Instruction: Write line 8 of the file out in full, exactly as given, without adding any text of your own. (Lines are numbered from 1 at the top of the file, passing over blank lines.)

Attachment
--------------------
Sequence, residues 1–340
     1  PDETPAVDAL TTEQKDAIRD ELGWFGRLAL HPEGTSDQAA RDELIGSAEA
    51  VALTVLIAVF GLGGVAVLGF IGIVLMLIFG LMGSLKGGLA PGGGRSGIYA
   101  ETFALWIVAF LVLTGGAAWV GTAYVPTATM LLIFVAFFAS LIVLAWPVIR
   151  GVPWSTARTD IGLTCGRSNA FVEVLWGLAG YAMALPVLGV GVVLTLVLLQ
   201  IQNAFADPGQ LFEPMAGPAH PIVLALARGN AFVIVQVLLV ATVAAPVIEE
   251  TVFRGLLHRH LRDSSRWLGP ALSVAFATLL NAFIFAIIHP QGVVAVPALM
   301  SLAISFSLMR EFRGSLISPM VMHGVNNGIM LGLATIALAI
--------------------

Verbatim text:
   301  SLAISFSLMR EFRGSLISPM VMHGVNNGIM LGLATIALAI